In one of his many hymns to drinking, Charles Bukowski, that great bard of the barstool, explained the eternal promise of drunkenness. "It [takes] away the obvious," he wrote, "and maybe if you could get away from the obvious often enough, you wouldn't become obvious yourself."
This claim gets a test drive in Another Round, a crowd-pleasing Danish movie that's the frontrunner for this year's Oscar for Best International Feature Film. Directed by Thomas Vinterberg—himself a surprise nominee for Best Director—Another Round has an amusingly louche premise: Four middle-aged high school teachers decide to see whether their lives will be better if they always have alcohol in their system.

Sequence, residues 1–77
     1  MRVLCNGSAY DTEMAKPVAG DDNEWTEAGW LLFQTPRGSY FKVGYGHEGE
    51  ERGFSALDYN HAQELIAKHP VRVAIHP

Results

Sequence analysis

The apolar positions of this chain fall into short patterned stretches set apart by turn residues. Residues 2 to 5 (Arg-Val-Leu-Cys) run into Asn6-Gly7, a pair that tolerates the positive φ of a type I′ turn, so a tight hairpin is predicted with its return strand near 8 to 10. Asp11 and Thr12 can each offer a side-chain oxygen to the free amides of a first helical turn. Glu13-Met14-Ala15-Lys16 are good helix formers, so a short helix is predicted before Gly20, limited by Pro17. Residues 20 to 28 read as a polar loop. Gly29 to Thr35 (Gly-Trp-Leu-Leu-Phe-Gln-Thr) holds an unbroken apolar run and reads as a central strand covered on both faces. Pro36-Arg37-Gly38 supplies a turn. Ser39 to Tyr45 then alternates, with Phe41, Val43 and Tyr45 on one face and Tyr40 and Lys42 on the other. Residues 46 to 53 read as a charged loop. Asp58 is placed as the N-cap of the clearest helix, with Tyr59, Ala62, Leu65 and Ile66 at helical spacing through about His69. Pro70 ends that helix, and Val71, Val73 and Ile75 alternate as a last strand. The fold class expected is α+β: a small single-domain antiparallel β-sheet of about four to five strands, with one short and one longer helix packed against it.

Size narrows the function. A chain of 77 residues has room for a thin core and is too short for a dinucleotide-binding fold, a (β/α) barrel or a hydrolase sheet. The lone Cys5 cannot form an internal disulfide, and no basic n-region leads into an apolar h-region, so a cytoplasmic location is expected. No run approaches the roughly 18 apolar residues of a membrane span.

Mads Mikkelsen stars as Martin, a one-time live-wire who's become a bored and boring teacher, and a detached father and husband. One night he joins his pals Peter and Tommy for their friend Nikolaj's 40th birthday dinner. Over many bottles, Nikolaj tells them about a Norwegian psychiatrist who argues that human bodies are designed to run best with .05 percent alcohol in their bloodstream. (In the U.S., a person is considered legally impaired when their blood alcohol content is .08 percent or higher.)